Diagnosis of Rheumatoid Arthritis
Diagnosing rheumatoid arthritis is extremely important because in some cases the chronic inflammation can lead to the destruction of the cartilage, bone, and ligaments, causing deformity of the joints. Rheumatoid arthritis is also tricky because rheumatoid arthritis research has developed that the progressive damage to the joints does not necessarily correlate with the degree of pain, stiffness, or swelling present in the joints. This means you might be living with rheumatoid arthritis, without being aware of it.
Treatment for Rheumatoid Arthritis
Rheumatoid arthritis therapy includes medication, hot and cold treatment and acupressure. Medication such as Acetylsalicylate (aspirin), naproxen (Naprosyn), ibuprofen (Advil, Medipren, Motrin), etodolac (Lodine), and diclofenac (Voltaren) are examples of nonsteroidal anti-inflammatory drugs (NSAIDs). Hot and cold treatment and acupressure can also also help temporarily provide relief from pain from inflammation. A doctor must be contacted and proper rheumatoid arthritis diagnosis must be done in order to effectively counter the disease.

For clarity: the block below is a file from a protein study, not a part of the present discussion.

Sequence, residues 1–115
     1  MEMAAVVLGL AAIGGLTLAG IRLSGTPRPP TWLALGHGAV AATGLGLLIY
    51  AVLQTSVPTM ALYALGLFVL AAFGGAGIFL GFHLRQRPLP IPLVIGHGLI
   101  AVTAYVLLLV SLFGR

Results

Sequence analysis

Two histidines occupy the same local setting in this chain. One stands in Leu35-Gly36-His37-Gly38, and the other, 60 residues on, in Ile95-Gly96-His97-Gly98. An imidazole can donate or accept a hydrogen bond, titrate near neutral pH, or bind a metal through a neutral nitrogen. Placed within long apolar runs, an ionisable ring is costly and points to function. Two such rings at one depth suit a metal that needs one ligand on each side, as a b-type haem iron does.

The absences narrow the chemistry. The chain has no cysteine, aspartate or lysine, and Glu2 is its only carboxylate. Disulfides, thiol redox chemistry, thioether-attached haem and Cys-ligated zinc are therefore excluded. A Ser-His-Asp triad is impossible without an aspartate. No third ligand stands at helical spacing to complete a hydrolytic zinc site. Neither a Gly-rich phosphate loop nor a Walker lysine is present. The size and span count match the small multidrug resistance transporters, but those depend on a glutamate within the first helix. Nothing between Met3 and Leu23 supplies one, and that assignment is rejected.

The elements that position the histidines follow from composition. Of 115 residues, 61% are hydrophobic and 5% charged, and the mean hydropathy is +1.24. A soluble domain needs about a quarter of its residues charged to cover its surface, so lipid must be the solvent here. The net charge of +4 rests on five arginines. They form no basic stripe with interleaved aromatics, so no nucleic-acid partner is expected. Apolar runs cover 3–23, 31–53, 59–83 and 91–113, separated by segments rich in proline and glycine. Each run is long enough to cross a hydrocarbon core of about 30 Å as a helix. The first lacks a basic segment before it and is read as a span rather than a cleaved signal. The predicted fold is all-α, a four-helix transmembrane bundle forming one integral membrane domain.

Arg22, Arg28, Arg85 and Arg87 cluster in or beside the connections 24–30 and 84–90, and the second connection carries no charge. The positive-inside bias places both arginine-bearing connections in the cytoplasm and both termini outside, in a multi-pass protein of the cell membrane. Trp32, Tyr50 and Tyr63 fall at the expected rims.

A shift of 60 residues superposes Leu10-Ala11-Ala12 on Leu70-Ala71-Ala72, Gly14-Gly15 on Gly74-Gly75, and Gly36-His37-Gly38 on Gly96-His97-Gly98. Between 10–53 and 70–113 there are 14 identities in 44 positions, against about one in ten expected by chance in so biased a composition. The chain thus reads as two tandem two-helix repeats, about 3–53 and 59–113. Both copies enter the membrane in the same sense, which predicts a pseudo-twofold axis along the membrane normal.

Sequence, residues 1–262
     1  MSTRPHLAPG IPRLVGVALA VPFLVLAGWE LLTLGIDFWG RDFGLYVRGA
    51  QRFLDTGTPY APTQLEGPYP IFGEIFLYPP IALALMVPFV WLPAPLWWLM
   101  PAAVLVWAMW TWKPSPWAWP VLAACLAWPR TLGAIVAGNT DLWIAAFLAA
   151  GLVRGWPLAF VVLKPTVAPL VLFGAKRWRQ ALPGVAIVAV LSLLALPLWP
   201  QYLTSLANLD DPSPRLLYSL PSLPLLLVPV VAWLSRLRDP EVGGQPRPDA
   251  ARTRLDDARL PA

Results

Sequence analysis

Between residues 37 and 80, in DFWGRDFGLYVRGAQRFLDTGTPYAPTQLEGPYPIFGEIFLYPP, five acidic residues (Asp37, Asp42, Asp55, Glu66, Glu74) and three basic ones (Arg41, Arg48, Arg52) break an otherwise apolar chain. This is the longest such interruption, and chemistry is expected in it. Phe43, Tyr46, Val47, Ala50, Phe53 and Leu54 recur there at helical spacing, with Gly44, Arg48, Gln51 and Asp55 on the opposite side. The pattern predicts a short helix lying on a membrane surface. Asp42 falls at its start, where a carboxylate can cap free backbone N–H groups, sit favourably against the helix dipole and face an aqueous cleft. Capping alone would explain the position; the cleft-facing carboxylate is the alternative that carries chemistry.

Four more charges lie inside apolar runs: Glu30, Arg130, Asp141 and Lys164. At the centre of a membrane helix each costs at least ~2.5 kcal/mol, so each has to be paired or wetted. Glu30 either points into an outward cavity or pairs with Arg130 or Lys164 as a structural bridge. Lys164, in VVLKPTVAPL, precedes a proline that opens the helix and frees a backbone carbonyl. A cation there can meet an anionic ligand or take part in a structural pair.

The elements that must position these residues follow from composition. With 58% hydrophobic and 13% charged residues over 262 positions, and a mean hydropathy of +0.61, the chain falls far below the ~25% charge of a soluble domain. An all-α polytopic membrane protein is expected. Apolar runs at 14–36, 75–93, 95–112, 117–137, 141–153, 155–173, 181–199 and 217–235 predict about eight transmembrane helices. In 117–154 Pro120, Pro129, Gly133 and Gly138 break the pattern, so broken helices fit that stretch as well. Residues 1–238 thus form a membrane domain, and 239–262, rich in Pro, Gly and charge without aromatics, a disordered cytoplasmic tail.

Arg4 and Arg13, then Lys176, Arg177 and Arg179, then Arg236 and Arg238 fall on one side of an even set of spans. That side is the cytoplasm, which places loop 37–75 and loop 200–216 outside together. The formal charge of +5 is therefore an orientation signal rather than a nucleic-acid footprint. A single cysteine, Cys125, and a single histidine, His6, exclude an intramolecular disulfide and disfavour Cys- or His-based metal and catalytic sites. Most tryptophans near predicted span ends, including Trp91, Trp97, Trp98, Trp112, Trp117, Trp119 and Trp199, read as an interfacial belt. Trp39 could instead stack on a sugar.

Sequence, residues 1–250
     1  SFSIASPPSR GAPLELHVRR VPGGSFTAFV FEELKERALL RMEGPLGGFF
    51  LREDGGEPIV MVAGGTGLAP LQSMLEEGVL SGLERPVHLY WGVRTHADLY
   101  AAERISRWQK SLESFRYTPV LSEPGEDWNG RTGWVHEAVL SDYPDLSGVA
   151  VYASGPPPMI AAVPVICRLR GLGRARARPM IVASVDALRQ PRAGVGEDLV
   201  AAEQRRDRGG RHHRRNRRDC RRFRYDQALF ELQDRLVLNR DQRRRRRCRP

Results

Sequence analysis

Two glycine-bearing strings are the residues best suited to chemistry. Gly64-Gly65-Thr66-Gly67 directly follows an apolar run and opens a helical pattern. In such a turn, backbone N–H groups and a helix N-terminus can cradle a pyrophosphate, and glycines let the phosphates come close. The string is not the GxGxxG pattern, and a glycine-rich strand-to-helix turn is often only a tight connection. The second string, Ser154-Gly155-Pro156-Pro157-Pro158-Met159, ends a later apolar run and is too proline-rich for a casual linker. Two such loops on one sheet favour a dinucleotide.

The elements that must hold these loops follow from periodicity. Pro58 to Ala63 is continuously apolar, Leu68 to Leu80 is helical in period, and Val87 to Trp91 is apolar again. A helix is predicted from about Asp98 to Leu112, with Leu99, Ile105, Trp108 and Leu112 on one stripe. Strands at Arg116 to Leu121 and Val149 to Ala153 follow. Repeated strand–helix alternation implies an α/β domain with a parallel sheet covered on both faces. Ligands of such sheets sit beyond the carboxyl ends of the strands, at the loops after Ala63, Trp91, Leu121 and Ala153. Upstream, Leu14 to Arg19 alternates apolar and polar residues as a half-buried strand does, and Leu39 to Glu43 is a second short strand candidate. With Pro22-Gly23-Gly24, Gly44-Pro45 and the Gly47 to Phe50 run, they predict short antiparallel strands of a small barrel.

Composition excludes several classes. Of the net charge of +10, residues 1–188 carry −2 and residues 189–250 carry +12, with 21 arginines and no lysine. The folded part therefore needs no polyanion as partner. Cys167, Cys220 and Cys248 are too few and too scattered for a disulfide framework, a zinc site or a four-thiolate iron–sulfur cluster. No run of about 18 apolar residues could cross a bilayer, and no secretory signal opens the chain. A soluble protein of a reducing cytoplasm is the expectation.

Nutrition for Rheumatoid Arthritis
Your diet should include cold-water fish such as herring, mackerel, trout, salmon and tuna.
Omega 3 Fatty Acids
Omega-3 fatty acid rich food, especially fish oil can help the situation a lot and can work a great deal providing relief from inflammation.
Fibre Rich Foods
Fibre rich food such as fruits, vegetables and whole grains help reduce inflammation.
Extra-virgin olive oil may also help reduce inflammation, in the same way that a nonsteroidal anti-inflammatory drug (NSAID) such as ibuprofen or aspirin can.
Foods rich in Vitamin D
Vitamin D rich food and supplements also help lower the risk of RA in older women by helping to regulate the immune system.